Wolf Pack Head into All-Star Break in High Gear

It’s a moot point because of All-Star break, but it would have been a tough call on Wolf Pack practice today if there actually had been one scheduled.

For those who don’t know, the Pack practice in the morning, usually starting at 10:30, and because of the snowstorm there was a travel ban on Connecticut roads until 2:00 this afternoon. After a loss in their last game and a day off Sunday, the Wolf Pack coaching staff, I’m sure, would have been chomping at the bit to get back on the practice ice, and when they woke up this morning and saw that the snow amounts weren’t as cataclysmic as feared, there probably would have been a severe temptation to say, “Aw, heck, we can go ahead and have practice.” The idea of asking their players to defy a state order, though, would probably have at least made them think twice.

Saturday night’s defeat in Syracuse notwithstanding, the Wolf Pack entered the All-Star break on a solid roll. The loss to the Crunch was the Pack’s first in regulation in a span of eight games (6-1-1-0), and just the fourth in the last 20 games (13-4-1-2), and prior to the setback Ken Gernander’s group had climbed to within three points of first place in the Northeast Division.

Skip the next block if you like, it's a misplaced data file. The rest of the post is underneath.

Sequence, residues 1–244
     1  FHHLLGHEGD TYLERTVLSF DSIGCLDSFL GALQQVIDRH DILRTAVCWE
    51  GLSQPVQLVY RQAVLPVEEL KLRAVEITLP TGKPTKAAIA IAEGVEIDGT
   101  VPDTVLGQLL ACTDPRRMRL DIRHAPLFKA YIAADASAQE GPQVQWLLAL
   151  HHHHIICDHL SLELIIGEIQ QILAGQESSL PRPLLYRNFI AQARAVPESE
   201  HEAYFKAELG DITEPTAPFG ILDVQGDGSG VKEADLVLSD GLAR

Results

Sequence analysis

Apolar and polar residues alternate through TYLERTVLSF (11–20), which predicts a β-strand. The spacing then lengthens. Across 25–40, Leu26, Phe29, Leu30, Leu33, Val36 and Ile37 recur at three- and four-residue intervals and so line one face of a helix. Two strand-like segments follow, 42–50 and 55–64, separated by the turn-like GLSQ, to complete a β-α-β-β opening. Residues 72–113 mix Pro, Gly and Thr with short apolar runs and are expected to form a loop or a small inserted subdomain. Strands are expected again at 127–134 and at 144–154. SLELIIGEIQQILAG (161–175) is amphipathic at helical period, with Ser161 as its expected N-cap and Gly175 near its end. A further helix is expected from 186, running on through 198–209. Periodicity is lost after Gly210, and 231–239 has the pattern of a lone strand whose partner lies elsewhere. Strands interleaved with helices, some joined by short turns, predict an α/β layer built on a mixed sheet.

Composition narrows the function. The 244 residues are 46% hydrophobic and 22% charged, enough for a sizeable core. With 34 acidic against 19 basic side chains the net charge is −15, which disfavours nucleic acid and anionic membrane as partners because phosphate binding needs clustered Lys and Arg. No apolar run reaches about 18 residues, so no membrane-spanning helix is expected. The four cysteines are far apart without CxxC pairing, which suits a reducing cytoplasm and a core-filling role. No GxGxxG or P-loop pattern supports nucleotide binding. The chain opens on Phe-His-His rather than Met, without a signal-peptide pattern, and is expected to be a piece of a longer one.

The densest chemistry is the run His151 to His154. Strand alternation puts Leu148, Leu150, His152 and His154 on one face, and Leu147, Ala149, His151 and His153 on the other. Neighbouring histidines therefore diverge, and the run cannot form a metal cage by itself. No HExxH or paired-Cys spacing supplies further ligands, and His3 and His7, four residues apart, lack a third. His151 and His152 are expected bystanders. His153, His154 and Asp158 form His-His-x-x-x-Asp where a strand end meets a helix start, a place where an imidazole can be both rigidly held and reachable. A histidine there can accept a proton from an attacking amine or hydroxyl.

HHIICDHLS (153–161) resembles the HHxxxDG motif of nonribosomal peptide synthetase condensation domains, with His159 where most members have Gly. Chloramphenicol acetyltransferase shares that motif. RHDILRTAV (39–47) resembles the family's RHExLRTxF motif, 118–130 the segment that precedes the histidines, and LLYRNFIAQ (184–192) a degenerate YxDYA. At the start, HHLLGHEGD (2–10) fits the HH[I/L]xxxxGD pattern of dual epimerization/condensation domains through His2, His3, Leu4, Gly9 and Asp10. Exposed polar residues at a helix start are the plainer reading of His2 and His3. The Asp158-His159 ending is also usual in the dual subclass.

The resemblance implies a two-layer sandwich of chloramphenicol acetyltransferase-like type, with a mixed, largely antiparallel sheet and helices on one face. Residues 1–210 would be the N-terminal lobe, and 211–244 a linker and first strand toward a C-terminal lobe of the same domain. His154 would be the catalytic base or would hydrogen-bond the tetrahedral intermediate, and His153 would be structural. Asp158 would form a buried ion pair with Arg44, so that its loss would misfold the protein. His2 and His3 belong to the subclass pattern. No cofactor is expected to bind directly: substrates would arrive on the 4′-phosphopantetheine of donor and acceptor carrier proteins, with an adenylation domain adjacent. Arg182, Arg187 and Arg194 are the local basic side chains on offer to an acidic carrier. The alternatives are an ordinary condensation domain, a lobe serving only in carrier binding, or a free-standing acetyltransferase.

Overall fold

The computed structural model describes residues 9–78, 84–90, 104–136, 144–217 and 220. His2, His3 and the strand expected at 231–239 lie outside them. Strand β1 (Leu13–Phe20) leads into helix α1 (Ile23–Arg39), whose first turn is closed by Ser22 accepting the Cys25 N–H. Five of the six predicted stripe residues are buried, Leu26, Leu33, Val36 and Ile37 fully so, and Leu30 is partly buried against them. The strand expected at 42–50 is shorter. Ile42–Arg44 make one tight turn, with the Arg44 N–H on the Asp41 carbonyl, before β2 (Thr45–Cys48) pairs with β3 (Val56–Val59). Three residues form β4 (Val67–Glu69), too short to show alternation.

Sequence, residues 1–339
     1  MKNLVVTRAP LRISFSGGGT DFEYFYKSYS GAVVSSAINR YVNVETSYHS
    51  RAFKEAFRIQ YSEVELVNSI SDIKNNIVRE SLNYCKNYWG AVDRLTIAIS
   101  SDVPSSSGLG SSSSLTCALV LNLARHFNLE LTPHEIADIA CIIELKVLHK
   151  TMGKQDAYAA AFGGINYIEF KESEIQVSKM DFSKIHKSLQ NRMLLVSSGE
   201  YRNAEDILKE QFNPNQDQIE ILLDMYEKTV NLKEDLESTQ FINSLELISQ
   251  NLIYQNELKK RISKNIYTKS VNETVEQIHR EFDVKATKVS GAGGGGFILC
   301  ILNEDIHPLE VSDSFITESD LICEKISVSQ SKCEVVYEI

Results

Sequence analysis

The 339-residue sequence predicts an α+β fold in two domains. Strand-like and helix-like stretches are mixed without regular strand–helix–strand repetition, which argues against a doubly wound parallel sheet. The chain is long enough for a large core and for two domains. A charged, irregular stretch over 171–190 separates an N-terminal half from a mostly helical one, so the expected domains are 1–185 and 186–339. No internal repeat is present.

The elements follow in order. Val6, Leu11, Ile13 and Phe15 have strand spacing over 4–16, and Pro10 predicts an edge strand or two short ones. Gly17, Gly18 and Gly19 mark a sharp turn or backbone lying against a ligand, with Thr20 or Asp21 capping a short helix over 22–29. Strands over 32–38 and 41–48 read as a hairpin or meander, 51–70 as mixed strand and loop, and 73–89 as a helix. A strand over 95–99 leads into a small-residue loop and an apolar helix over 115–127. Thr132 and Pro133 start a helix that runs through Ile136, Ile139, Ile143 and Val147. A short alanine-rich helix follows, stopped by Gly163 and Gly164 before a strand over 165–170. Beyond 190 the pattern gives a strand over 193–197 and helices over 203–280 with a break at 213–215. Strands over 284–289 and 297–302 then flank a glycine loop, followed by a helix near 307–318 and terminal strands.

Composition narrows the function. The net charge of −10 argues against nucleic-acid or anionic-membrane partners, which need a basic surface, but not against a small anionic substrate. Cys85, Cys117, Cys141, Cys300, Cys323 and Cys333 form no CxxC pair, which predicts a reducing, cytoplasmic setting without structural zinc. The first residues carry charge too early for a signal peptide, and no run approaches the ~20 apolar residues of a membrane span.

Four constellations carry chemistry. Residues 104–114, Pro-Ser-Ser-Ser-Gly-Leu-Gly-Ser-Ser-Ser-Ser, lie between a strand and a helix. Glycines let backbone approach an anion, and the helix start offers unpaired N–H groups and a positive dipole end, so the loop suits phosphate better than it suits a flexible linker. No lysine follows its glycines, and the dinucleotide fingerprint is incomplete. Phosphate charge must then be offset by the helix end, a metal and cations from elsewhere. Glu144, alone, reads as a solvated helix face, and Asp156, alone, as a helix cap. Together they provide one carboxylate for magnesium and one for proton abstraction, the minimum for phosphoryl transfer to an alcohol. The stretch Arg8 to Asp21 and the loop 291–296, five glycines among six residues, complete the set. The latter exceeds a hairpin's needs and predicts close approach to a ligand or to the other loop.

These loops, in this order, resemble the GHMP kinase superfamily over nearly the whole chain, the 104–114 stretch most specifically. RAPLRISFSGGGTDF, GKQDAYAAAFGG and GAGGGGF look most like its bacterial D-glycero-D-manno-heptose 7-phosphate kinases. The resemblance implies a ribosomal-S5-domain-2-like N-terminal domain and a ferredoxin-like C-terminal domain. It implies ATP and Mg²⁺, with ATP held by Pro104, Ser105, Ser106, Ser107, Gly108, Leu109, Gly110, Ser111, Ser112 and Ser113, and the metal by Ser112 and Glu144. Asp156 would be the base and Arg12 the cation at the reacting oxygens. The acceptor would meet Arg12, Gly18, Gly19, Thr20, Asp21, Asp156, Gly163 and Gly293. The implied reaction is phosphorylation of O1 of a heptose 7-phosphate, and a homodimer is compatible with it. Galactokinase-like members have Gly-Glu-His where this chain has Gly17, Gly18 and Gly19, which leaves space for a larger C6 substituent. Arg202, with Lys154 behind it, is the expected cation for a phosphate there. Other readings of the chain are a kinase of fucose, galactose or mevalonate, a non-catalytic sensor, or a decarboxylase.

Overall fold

That’s a far cry from last season at this time, when the Pack were dead last in the AHL and desperately scratching to save their season.

Chris Mueller

Chris Mueller

It seems as though there are precious few one-sided games anywhere in hockey these days—most contests are decided by a goal or two—and a big key to the Wolf Pack’s success this year has been the fact that they have been particularly good in close games.

Thirty-four of the Pack’s 42 games on the year have been decided by margins of two goals or less, and the Wolf Pack is a combined 22-7-3-2 in games decided by two goals or fewer. What’s more, Hartford’s 15 one-goal wins—they are 15-3-3-2 in one-goal games—are only one behind Springfield and Syracuse for the most in the league.

It’s significant to consider, too, that several of the Wolf Pack’s high-end players have yet to match their usual levels of production. That’s not to say that anyone’s effort has been lacking, far from it, and All-Star representative Chris Bourque has certainly been as advertised as an AHL point producer, but history tells us that there have to be hot streaks on the horizon for some others.

Chris Mueller, for example, was a 25-goal-scorer and a Calder Cup champion with Texas last season, and had 18 and 32 goals, respectively, in his previous two AHL seasons, but has been held to four in 30 games thus far this year. Joey Crabb had 15 goals in 62 games with San Antonio in 2013-14, and had a 24-goal season with Chicago in 2009-10, and he has six so far in 34 games this year. And two young guys who were big keys for the Wolf Pack last season, Danny Kristo and Ryan Bourque, have yet to get in a real scoring groove. Kristo was the Pack’s goal-scoring leader last season with 25, and has nine in 39 games in his second pro year, and Bourque broke out for 21 tallies in 2013-14 and currently has eight this season.

I would think those guys all have some good breaks stored up, and could lift the Wolf Pack to even greater heights post-All-Star break.

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